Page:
A water desalination plant powered by solar energy in a small east Indian town, backed by beer maker Carlsberg Group, could be a sustainable option for other coastal areas where rising sea levels and more frequent storms are making groundwater saltier.
The plant being built by Desolenator in the Sundarbans delta in West Bengal state will start operating next year.
It will sell clean water at a subsidised rate and hire more than a dozen women in Pathar Pratima, a company official said.
The social enterprise model, with all proceeds going towards the salaries and training of the women and maintenance of the water distribution centre, is essential for this poor community, said Louise Bleach at Maastricht-based Desolenator.
“Water purification technologies can be expensive, and often people who are most deprived of clean water and in need of these systems cannot afford them,” said Bleach, development and impact lead at Desolenator, which is also building a plant in Dubai.
“Solar-powered desalination technology is sustainable and suitable for communities experiencing brackish water or heavily contaminated water even in off-grid, remote and challenging environments,” she told the Thomson Reuters Foundation.
In arid and coastal areas, desalination is key to supplying drinking water. There are more than 16,000 desalination plants worldwide, with about two-thirds located in wealthy nations.
But the technique is generally expensive and energy-intensive, and a 2019 U.N.-backed study found the plants produced on average 1.5 litres of brine for every litre of fresh water, which can contain toxins harmful to marine ecosystems.
Now, however, the process is becoming more affordable due to newer technologies and cheaper renewable energy options.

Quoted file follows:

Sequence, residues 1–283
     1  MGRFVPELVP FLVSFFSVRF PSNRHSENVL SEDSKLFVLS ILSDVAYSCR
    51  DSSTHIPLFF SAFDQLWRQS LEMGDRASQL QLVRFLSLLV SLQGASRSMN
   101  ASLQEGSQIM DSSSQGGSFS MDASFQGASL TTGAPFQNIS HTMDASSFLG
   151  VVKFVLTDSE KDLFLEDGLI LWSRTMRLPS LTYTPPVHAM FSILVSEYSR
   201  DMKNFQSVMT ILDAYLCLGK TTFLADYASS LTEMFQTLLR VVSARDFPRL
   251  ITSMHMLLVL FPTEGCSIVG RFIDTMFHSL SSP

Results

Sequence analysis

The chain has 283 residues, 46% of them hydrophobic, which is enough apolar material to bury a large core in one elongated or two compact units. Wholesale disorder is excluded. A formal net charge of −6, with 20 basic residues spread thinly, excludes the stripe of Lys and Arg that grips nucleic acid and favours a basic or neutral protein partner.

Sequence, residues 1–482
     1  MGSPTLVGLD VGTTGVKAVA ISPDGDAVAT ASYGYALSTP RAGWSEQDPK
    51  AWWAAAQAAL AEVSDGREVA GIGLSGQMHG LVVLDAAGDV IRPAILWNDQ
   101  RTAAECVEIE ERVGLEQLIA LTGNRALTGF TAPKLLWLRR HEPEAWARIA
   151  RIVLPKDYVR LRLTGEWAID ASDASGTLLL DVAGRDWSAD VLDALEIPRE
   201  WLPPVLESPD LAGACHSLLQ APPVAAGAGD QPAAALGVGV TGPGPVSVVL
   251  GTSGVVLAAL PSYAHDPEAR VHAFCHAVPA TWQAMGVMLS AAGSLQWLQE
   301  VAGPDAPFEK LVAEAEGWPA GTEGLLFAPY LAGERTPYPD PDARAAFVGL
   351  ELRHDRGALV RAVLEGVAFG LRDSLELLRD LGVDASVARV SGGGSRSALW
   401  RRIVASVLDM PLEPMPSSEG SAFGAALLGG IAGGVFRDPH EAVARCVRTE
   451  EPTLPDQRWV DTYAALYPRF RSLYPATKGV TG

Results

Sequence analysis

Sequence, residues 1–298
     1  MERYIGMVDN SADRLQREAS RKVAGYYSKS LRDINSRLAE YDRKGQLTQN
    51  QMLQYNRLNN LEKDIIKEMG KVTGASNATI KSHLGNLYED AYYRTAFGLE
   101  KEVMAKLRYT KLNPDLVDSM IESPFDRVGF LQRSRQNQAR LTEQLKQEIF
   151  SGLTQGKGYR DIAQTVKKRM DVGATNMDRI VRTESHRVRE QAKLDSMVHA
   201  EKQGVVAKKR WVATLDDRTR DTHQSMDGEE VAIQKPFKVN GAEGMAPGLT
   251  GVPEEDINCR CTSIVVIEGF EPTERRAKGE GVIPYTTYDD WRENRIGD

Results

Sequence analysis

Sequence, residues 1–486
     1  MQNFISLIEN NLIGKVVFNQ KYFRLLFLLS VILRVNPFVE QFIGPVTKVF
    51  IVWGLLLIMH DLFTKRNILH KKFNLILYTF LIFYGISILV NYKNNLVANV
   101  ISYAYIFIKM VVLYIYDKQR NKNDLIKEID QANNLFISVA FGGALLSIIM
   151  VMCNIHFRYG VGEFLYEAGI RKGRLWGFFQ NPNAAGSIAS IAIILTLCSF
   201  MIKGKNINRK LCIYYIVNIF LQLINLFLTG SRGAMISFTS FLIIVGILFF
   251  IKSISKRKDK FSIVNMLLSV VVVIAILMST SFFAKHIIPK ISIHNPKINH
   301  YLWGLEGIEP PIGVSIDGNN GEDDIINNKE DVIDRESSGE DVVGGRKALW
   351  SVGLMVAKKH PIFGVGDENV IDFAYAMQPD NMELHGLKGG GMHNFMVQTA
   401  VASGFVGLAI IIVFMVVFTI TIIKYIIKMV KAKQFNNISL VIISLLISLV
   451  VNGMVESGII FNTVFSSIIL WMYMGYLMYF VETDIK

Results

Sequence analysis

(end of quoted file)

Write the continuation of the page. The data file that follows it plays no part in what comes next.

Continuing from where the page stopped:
The India project - the first for Desolenator - is part of Carlsberg’s plan to halve water usage at its breweries by 2030 and conserve shared water resources in high-risk areas.
The Danish company has identified all seven of its Indian breweries as high-risk sites and is using different technologies and water-conservation measures to tackle the problem.
The Sundarbans plant, which will produce about 20,000 litres of clean water per day for the town, can help set “the foundation for all other development goals - health, education, income generation and rural female empowerment”, Carlsberg said.
Local people now buy packaged water or water sold by private companies in trucks, often at “extortionate prices”, said Anurag Gupta, a programme coordinator at the WaterAid charity which is also a partner in the project.
The task of fetching drinking water often falls to women, who may have to travel long distances and also bear the brunt of illnesses from contaminated water, he noted.
“The women suffer the most, so we are training them to work in the distribution centre, and to increase awareness of the need for clean water in the community,” he said.
“The plant will not only solve the problem of contaminated water, but also provide jobs for women and increase the community’s resilience in an area that is facing major climate change impacts,” he added.